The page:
Adams, who is big enough to play linebacker and fast enough to play safety, was tied for second in recovered fumbles. Adams was fifth in tackles. 

Looking at Adams’ sophomore year, with a full slate of games, our winner converted 86.1% of his PATs, was 5th in team scoring, had half of the team’s forced fumbles and was tied for second in recoveries. Adams was credited with 69-tackles in ’19 while leading the ball club with 4 of the team’s 18-intercepted passes. 

Adams, who wears number 14, is 5-11 and weighs 190-pounds. He runs the forty in 4.87-seconds, bench presses 225, reps the high school bench weight (185 lbs.) ten times, and back squats a cool 350-lbs. while shuttling in 4.45-seconds.

Adams was on a recruiting visit this past weekend where they went around the room asking the prospects to introduce themselves and give their positions. When it got around to Adams, Adams accurately related, “I play QB/PK/Punter/Safety/ and OLB.” One of the other people in the room asked, “All in one game?”

Is there a new “leader in the clubhouse” for Adams’ services?

That is the key to this prospect’s exceedingly high value on the recruiting trail. In securing a commitment from this player, you’re getting the value of a position player, potentially on either side of the scrimmage line, together with a specialist at two key slots in football’s third phase of the game (P/PK).

Adams has been hot on the recruiting trail, fielding offers and making visits. He has multiple offers, not all of which have been publicized. His family and he have elected to await proposed packages before announcing. After all, these packages need to be “fully on the table” before the offers can be fairly considered, they reason.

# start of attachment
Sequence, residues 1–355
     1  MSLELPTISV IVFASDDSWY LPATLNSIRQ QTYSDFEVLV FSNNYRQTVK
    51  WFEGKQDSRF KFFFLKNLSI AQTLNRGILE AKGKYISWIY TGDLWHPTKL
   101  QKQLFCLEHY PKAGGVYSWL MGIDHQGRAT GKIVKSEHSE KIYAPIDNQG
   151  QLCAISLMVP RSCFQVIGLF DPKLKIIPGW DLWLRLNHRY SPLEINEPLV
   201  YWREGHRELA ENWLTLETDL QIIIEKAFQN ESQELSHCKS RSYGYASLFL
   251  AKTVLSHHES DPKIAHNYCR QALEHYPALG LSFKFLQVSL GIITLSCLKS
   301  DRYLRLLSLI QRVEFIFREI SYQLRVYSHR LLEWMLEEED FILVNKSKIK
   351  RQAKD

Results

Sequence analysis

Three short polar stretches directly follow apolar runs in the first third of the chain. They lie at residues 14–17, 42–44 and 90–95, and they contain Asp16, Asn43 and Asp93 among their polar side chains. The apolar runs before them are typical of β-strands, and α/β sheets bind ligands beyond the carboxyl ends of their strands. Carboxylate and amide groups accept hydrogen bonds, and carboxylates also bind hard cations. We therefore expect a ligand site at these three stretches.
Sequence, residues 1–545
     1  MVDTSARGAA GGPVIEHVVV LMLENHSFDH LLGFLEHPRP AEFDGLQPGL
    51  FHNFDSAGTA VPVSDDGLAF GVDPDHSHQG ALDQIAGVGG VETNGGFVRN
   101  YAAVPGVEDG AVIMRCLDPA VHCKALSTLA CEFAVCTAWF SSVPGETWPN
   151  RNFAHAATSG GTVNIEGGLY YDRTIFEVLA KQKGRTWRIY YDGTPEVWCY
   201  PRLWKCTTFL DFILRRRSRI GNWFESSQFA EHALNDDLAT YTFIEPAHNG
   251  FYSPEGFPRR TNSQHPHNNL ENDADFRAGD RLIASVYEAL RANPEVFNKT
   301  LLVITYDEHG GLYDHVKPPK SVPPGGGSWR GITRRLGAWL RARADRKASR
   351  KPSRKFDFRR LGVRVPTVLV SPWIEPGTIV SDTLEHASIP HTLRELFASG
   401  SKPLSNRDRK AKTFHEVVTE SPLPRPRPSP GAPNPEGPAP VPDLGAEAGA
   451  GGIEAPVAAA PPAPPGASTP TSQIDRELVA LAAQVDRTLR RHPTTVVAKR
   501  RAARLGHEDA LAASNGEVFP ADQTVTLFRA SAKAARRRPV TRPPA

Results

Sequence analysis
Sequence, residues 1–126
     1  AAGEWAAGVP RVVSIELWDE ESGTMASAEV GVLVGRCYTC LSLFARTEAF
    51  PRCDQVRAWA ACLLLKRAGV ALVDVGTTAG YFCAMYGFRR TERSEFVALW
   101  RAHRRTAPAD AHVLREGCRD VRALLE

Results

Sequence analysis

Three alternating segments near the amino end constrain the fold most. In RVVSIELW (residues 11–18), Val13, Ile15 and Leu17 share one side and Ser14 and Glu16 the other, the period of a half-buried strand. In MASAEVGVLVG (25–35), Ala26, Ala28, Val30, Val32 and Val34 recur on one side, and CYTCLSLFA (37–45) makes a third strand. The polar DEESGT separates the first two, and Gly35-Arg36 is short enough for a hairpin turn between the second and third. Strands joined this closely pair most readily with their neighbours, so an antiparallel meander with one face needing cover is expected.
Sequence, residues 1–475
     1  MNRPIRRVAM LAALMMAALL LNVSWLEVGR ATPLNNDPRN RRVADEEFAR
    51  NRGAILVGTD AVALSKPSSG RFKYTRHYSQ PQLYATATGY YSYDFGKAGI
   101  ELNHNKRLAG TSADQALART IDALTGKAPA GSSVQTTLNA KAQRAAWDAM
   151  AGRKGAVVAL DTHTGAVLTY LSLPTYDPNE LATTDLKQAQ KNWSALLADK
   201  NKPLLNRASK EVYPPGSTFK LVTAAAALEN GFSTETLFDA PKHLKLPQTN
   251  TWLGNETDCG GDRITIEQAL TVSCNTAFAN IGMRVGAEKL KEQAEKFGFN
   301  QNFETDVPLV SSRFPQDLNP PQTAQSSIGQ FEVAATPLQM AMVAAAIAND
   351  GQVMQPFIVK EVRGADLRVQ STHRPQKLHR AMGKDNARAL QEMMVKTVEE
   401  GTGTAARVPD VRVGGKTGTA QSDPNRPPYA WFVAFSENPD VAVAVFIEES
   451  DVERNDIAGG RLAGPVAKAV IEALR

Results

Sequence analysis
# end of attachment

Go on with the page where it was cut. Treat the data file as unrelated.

We, at the magazine, can’t fault this reasoning. However, we asked Ashton if there was already a favorite in the clubhouse?

Ashton told KPGFootball, “After one visit I took recently; yes, I do believe there is a new leader for my services. I don’t want to say any more at the present time.”

There is an easy explanation for our picking Ashton for this week’s recognition. Basically this; if you want to know how to spell “Production” it is spelled A-D-A-M-S. Value is similarly spelled, just for the record.

Mingua Beef Jerky enjoys distinguishing and then rewarding, publicizing, and feeding young men who lend considerable value to the team. With everything this young athlete has done and is forecast to contribute this coming season, we thought he could use some nourishment and maybe a sweet T-shirt!

For the T-shirt and the bolt of protein, we asked our friends at Mingua Beef Jerky to send him some. Like always, they were thrilled to oblige.

Join us next week as we honor another worthy player. Until then, pop some Mingua Beef Jerky in your mouth and savor the quality and flavor which sets it apart from all the competition. Remember, our product is superior and one of a kind; just like Maysville’s Ashton Adams.

This is HB Lyon reporting for Kentucky Prep Gridiron reminding you that WE’RE JUST CALLING IT LIKE WE SEE IT!